The Mentalist

Colleen Hayes/Warner Bros.

Ding-dong, Red John is gone!

After a five-year long manhunt, The Mentalist finally revealed the series' ultimate big bad as Patrick Jane (Simon Baker) discovered Napa Sheriff Thomas McAllister (Xander Berkeley) was the man who murdered his wife and daughter ten years ago, bringing one of TV's biggest mysteries to a close.

And the creative team behind the CBS drama felt that revenge is a dish best served in the same episode as the reveal as Jane ended the hour strangling Red John, before running off into the unknown for the first time in the series' history. While we've already provided you with scoop on how Red John's exit will impact Patrick Jane moving forward, we also talked to the series' creator Bruno Heller about why he decided to reveal the killer's identity now and how he decided it would be McAllister. Plus, Simon Baker admits why he's excited that Red John is finally gone from Jane's life.

Viewers have wondered from "very early on in the first season" when the show would reveal Red John's identity, and Heller explains that the writers' room found themselves asking when was the right time to bring the story to a close, as well.

"There was no functional, formal protocol moment, where we said, ‘Okay, when this happens, we will set about closing off that chapter.' It's like a marriage, or any kind of partnership. How long is Red John driving the story forward, and at what point does it become an anchor?  It just seemed like this was the right time.  Ultimately, that's a subjective choice.  It just seemed like, from a storytelling point of view and from the audience's point of view, it was time to move the story forward."

And Baker says he's really "this last five to six months of working on the show" as it was building towards the big reveal.  "It has felt like the enthusiasm I had in the first season because it's new and fresh, from week to week, and it's going somewhere," he explains. "Sometimes the frustration for me, as an actor, is that we're not going anywhere or moving forward. This was definitely going somewhere.  The stakes are higher, and it gives me something to do that I can really get my teeth into."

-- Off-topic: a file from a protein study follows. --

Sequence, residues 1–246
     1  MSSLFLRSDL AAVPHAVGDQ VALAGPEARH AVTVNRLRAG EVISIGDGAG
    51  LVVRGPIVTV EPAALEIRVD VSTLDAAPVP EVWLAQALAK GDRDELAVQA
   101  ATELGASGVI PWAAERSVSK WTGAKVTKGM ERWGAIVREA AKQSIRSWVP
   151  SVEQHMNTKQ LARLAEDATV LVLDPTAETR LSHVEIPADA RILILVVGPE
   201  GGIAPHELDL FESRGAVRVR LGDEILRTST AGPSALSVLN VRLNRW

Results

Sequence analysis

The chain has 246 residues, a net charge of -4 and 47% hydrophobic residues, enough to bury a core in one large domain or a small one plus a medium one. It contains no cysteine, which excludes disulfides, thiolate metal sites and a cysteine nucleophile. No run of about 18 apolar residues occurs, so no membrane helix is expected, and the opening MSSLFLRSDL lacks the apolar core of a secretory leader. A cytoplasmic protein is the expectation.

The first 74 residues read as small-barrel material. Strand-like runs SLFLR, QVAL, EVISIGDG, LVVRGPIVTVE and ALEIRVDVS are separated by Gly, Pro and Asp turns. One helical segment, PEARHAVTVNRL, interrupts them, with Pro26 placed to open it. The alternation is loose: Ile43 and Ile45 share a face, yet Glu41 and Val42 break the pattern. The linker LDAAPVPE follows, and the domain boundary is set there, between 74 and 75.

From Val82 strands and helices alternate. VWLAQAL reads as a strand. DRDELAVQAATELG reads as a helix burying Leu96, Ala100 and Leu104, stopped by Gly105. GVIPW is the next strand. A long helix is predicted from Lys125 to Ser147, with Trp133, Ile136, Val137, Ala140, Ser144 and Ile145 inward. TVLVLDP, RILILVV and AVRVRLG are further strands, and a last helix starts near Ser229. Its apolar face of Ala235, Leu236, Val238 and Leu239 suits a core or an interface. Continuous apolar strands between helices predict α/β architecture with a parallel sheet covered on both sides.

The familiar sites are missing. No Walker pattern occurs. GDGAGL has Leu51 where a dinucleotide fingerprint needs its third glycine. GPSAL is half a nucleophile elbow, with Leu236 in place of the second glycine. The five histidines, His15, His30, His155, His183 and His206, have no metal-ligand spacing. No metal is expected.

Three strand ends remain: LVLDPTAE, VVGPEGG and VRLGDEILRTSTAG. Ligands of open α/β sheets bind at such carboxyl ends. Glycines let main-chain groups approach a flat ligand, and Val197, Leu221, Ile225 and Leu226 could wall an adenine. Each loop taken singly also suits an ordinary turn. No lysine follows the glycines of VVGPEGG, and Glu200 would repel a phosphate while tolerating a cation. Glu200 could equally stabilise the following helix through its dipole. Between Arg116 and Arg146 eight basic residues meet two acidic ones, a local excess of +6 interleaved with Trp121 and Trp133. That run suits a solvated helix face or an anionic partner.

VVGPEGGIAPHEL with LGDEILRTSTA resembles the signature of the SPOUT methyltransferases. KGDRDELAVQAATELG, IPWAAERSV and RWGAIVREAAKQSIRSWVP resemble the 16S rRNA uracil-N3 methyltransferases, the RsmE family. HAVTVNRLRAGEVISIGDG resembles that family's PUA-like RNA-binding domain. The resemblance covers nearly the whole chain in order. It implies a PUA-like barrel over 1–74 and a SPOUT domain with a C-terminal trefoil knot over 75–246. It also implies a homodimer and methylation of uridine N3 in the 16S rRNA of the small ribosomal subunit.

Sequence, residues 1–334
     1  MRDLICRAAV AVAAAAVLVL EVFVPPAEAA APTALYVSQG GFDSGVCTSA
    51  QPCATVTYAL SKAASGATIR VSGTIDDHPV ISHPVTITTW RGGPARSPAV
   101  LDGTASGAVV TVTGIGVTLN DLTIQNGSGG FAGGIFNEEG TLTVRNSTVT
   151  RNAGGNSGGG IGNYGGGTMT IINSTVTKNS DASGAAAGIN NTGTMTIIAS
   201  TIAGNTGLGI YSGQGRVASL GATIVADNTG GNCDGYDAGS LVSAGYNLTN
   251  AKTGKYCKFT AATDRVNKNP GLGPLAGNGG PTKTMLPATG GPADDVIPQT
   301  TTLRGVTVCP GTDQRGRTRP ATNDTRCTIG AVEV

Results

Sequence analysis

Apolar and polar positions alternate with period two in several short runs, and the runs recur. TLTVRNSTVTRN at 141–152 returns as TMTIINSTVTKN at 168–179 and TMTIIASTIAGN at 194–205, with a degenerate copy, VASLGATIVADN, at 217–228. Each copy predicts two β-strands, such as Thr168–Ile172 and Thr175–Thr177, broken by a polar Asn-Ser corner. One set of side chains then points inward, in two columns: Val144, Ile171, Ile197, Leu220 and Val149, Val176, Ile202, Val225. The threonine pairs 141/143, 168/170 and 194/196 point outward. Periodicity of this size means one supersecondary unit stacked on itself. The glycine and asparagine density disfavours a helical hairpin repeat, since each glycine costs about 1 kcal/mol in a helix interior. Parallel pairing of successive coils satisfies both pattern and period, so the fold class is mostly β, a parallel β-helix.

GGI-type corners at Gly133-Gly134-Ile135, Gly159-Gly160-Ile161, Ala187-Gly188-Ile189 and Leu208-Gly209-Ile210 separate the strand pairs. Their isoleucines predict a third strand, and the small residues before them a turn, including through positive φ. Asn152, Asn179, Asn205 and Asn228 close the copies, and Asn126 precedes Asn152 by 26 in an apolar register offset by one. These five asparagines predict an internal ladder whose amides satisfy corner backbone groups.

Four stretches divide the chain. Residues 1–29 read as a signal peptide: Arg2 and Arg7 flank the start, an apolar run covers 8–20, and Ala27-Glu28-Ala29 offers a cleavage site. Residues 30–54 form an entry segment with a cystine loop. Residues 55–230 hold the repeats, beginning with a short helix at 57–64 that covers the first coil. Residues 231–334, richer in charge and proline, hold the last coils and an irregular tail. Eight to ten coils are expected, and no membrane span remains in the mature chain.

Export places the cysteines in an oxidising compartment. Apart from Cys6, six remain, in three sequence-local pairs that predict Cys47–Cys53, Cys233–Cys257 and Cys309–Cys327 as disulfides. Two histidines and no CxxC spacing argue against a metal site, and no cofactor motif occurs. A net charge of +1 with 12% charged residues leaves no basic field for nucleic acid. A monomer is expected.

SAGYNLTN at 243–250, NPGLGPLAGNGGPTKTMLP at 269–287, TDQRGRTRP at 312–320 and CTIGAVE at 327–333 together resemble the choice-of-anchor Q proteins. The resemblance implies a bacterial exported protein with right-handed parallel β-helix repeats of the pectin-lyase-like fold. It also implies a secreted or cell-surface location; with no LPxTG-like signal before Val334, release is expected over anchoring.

The Mentalist, Simon Baker

Colleen Hayes/Warner Bros

So is Heller at all nervous about the show not being able to live on without the Red John of it all?

"I'm not really concerned.  If it can't, then that's what happens," Heller says. "It felt very much to all of us like that chapter of the story was done… I think it's gonna be a great show after Red John.  It's up to the audience to decide, if they like it or not."

As for how Heller, who penned the pivotal episode, ultimately came to the decision that McAllister would be Red John, he says, "It just kind of emerged over the last couple of years. There were always three or four possibilities and it just happened, really. It seemed like the natural, correct choice."

Heller says fans shouldn't expect to hear a lot of mentions of Red John moving forward. "One of the things you discover when these figures of great evil are unmasked in real life is they tend not to be very interesting," he explains. "They tend to be egomaniacal, one-track minds. There are a lot of questions about motivation, and what he was doing when and how, and how that connects to other things. That makes great Internet fodder, but it's not very entertaining for the weekly TV audience."

And Baker welcomes the change of pace for the series, admitting, "I think it's really nice to have a clean cut and not mention Red John at all for a while. Even if [Jane] speaks of the [death], he doesn't mention Red or John in the same sentence."

The Mentalist airs Sunday at 10 p.m. on CBS.

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